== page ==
Are you good at multitasking?
Some self-confident people may believe they are skilled multi-taskers. It is also a common saying that women are better at multi-tasking than men.
They are all wrong…
Research shows that no-one is truly a multi-tasker in such a way that he or she can attend to two or more things simultaneously. Attention studies show that we are all serial–taskers. We can only attend to one thing at a time! Those who appear to be multi-taskers have instead a higher capability of switching rapidly between different focal points, whereas the rest of us (myself included) change attention at a slower pace. Attention is therefore a continuous process which jumps from one focal point to another and at a shifting pace.
When you are conscious you always attend to something. Maybe you are eavesdropping the conversation at the neighbor table during lunch because you think you heard someone mention your name, or maybe you are fully focused on finding your way as you drive through an unfamiliar town. It may also be that your attention is more inward-pointed as you concentrate on solving a mathematical problem which has troubled you for days.
In any case you have, by some reason, chosen your focal point. However, theoretically there are infinitely many other things you might have payed attention to, but for some reason you made your choice.
So, is attention merely a random process? Yes…
Well, fortunately, it is not as unpredictable as the outcome of flipping a coin or rolling a dice, but attention appears to be a random sampling process, or what statisticians call a stochastic process, where some focal points are more likely to be chosen than others. For instance, if you are driving through an unfamiliar area, you are (hopefully) likely to pay close attention to the traffic and to signs along the road, and less likely to notice a bird flying by (well, unless you are an ornithologist, that is). But, at any split second you have to choose one thing to attend to, and one thing only, and like drawing a ball out of an urn, you sample your attention point.
Attention is therefore like the outcome of statistical sampling from a probability distribution. We may call it the attention distribution. Each potential target of your attention may be selected with a certain probability.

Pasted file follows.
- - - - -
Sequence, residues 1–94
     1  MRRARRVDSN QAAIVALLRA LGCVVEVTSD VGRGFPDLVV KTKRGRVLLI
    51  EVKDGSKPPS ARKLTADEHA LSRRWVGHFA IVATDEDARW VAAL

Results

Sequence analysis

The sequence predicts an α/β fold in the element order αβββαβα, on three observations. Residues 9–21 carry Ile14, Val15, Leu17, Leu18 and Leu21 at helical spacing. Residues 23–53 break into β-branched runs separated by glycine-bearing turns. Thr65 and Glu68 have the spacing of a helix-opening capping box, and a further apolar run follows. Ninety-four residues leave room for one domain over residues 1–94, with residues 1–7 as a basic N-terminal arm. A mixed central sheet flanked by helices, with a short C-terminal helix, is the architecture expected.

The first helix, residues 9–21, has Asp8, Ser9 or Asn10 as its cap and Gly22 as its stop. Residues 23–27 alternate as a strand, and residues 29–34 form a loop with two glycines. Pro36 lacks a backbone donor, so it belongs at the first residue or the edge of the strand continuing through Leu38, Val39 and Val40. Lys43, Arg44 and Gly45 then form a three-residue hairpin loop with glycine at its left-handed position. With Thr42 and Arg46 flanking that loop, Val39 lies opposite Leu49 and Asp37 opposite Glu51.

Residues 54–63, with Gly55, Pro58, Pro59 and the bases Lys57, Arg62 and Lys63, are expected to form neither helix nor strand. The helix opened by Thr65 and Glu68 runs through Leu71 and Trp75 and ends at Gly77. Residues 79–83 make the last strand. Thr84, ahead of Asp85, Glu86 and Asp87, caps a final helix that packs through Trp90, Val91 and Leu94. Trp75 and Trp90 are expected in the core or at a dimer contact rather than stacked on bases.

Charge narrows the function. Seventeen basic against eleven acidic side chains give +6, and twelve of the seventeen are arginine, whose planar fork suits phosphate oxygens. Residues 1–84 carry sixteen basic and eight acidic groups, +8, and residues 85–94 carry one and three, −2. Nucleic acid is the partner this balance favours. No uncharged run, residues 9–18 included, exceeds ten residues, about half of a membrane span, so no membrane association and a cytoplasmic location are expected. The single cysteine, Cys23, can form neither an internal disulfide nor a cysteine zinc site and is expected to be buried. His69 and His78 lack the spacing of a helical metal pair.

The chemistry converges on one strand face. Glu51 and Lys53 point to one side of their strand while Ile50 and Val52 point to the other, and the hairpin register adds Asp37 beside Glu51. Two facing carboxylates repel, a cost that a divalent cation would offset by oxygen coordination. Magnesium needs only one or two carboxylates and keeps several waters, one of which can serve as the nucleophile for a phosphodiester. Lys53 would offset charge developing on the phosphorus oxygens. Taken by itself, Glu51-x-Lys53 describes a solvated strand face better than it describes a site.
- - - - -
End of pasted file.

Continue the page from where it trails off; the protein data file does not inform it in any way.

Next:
The next question is: Which factors influence this probability distribution for the potential targets of our attention?
Every second you are bombarded by billions of bits of internal and external information from your senses, and your brain performs a tremendous amount of work filtering the incoming data. You should be happy for this! It would be quite impossible and very disturbing for your conscious self to handle all this information.
The competitive networks (Rolls and Deco, 2010) in the cortical regions receiving input stimuli, e.g. the visual cortex, perform statistical classification, categorization and data reduction long before you are aware of it. A new study (Brascamp et al., 2015) even shows how the visual cortex makes unconscious interpretative decisions before the transformed data are sent to association networks in your (conscious) frontal cortex. On its way the information also passes sub-cortical regions where it is further modified by contextual memories of similar, previous experiences and by your motivations, values and interest.
This is an unconscious process, but the data filtering is influenced by your brain physiology and your personality. The brain has learned over the years of your life what you find relevant for you, and irrelevant information is likely filtered out long before it reaches your consciousness.
A further modification of the attention distribution is further executed in regions of the ventromedial cortex and the orbitofrontal cortex. These brain regions constantly monitor your actions and compute their potential values (Dehaene, 2014). Again, this is an unconscious process, and you may now start to wonder whether your conscious self has any vote in the election process of our attention, but in fact, the unconscious part of you is far better at multivariate statistical computations than your conscious self, because your working memory can only handle a few chunks of information at a time.